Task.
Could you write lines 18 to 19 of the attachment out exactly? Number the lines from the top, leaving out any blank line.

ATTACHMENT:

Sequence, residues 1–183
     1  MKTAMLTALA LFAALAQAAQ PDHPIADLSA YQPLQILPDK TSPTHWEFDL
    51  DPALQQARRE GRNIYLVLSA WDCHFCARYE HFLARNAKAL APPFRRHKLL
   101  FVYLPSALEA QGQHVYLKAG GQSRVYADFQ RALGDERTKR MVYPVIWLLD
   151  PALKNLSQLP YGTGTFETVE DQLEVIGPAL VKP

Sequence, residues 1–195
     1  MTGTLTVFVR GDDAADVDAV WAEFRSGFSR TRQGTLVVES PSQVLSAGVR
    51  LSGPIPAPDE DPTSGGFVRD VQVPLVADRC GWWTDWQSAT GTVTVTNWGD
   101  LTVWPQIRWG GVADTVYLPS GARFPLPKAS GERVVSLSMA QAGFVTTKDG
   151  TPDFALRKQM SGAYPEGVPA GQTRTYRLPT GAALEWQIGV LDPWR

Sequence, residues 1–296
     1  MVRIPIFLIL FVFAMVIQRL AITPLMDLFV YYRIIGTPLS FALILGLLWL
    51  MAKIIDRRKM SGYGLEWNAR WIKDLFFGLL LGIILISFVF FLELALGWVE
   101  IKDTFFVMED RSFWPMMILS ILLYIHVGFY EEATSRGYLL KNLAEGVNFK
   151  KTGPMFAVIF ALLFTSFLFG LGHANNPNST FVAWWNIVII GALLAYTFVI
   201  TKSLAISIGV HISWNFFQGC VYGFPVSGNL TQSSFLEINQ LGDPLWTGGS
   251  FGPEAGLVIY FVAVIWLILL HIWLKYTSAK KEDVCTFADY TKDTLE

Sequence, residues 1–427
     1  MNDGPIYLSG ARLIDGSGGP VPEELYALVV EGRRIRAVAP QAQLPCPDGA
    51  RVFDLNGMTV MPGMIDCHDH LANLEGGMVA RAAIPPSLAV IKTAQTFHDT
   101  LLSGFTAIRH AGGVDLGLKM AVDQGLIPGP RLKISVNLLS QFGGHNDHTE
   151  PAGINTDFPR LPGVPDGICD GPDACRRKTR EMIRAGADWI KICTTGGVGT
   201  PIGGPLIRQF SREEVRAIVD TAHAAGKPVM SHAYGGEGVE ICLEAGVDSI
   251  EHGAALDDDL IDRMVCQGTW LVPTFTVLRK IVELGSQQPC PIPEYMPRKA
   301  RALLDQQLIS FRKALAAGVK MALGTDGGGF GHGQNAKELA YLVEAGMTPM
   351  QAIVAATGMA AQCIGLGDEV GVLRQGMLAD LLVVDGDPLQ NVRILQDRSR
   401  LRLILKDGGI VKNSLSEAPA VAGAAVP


Sequence, residues 1–427
     1  MNDGPIYLSG ARLIDGSGGP VPEELYALVV EGRRIRAVAP QAQLPCPDGA